I just saw a psychiatrist today and he told me Zoloft can be "stimulating", basically cause more anxiety. He prescribed me Lexapro and Klonopin.
Zoloft isn't known for being particularly stimulating. For most patients it's quite neutral. One interesting thing I recall from reading the whole FDA label for Zoloft was that their clinical trials showed that it causes both insomnia & drowsiness; two polar opposite effects in different patient all taking the same med. In both cases the incidence of drowsiness & insomnia was twice that of the placebo control group. This would be a perfect illustration of how meds can work totally different for different people.
I took Zoloft for 3 months years ago, going up to 300 mg/day. I didn't notice any stimulation at all, but now drowsiness either. I stopped after 3 months as it clearly didn't help me. The only thing it did was totally kill sex drive, making it worse than taking nothing. At least nothing, while doing nothing to help, doesn't cause sexual side effects.
My new p-doc was militant anti-benzo, telling me I could end up in a rehab center.
Sure you could end up in a rehab center. You could also be run over by a bus on the way to see this doc. Many things could happen, though aren't at all likely. The fact that you have hundreds of pills saved up (just as I do) is a clear indication to me that you're not some junkie. Junkies don't have a stockpile as they consumed 'em all ASAP.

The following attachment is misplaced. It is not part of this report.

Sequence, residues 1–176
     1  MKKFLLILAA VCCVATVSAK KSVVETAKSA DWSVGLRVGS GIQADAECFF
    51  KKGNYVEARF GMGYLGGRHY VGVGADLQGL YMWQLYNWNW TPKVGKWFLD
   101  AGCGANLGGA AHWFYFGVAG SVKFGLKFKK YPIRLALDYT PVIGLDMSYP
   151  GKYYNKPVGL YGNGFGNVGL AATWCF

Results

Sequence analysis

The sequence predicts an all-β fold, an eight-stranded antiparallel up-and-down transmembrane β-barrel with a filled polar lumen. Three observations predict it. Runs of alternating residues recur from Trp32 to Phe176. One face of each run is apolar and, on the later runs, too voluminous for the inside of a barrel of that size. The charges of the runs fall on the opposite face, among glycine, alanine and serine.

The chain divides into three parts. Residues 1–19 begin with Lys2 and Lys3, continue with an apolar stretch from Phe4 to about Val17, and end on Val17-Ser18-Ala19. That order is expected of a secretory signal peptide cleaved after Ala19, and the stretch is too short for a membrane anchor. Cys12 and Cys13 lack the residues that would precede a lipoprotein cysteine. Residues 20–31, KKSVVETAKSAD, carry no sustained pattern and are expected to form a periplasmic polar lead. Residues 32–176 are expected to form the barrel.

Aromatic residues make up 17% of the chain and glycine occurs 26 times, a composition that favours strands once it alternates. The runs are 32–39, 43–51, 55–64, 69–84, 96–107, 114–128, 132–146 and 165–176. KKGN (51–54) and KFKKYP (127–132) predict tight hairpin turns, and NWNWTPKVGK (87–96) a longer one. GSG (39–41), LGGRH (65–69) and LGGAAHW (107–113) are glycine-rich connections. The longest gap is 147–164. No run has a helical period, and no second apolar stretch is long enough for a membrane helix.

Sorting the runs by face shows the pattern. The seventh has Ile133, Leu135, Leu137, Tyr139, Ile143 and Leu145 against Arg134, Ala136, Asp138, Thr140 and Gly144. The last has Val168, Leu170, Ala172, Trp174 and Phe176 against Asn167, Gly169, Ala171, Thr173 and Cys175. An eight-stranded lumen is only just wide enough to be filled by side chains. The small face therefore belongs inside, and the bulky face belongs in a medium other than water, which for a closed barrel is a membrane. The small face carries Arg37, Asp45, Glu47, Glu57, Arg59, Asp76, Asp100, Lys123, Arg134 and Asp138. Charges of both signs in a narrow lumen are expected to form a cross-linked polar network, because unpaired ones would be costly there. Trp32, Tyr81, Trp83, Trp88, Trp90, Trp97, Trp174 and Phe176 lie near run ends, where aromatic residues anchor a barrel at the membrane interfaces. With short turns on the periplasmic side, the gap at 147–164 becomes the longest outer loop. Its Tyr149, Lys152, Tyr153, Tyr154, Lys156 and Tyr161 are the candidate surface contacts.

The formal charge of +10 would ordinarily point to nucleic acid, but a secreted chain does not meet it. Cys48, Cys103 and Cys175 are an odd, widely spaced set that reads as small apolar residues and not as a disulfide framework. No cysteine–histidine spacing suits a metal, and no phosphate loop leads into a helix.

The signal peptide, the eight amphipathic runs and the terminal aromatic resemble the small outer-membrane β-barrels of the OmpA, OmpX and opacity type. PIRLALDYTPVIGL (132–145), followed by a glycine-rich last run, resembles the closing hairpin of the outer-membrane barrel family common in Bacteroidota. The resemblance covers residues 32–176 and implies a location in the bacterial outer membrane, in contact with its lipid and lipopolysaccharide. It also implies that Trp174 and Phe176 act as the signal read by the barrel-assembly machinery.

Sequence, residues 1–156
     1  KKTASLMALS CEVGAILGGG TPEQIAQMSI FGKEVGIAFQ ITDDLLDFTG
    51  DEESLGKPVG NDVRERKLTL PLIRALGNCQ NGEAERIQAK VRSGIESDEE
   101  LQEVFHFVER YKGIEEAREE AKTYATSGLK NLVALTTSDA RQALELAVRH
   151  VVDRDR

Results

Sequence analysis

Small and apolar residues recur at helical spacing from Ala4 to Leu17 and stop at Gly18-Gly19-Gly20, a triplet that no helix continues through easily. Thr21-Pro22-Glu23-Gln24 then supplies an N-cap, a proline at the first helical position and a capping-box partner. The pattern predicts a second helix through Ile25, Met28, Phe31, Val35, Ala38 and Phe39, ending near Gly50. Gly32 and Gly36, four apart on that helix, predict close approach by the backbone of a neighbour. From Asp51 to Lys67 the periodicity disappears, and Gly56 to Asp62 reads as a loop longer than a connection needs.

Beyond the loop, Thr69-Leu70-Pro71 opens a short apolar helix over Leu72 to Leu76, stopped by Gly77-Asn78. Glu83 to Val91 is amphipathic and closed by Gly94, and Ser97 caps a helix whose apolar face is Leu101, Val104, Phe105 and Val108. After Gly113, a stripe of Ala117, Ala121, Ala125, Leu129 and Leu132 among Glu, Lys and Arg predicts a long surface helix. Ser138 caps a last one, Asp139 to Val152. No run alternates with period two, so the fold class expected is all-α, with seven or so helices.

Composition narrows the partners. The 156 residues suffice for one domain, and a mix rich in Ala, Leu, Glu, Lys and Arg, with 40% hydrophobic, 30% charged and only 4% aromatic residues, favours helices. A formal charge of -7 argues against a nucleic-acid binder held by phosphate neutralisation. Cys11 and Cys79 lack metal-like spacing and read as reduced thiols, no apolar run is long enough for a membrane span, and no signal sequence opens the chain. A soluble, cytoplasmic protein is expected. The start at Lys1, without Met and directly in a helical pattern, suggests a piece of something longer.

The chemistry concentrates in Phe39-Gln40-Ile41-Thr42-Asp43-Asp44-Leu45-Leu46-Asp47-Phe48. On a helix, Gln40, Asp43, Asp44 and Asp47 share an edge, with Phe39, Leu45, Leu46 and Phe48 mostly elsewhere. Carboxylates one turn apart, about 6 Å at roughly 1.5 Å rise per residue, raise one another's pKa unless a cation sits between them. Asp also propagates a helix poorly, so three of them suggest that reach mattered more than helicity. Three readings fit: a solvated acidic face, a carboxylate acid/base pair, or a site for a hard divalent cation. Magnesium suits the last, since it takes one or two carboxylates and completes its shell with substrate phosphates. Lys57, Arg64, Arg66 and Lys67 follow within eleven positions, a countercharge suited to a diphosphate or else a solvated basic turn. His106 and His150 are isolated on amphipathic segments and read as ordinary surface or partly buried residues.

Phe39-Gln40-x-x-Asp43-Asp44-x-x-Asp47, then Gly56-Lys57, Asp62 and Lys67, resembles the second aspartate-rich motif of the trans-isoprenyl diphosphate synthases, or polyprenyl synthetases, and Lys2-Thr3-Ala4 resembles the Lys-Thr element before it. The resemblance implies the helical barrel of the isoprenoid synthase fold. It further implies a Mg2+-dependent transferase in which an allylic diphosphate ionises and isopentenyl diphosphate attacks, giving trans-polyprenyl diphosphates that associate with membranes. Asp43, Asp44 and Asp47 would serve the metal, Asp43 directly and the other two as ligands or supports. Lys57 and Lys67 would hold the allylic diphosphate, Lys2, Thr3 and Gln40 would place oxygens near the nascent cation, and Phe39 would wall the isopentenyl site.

Wouldn't you just love to ask this doc that if they hate benzos what pills do that have up their sleeve that more efficacious? In 2012 using an anti-anxiety drug to treat anxiety is deemed wild & crazy. Today we like to use ADs & anti-psychotics to treat anxiety.
I'd love to see pdocs forced to actually try the meds they push on their patients. I once had a doctor say to me "you've got bigger problems" when I complained of the sexual side effects of some AD that didn't even work anyhow. My thought: yeah, it appears the problem weights about 170 pounds & is an arrogant jerk who doesn't given a damn what his patients think. He didn't seem to comprehend that when it comes to mental illness the patient himself pretty much defines if something is a problem or not. Basically, something is a mental problem if it causes the patient distress or interferes with their ability to function so sure seems like problems are patient-defined and one should thus listen to the patient define the problem. The only exception would be something like antisocial personality disorder where some psychopath kills folks and feels no distress about it whatsoever.